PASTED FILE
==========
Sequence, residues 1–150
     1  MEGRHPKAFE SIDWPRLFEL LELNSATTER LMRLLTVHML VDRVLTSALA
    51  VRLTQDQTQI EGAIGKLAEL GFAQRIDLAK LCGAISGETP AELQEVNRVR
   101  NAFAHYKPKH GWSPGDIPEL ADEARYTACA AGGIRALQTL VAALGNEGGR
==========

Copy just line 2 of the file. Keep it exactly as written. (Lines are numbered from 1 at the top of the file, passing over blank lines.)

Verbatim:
     1  MEGRHPKAFE SIDWPRLFEL LELNSATTER LMRLLTVHML VDRVLTSALA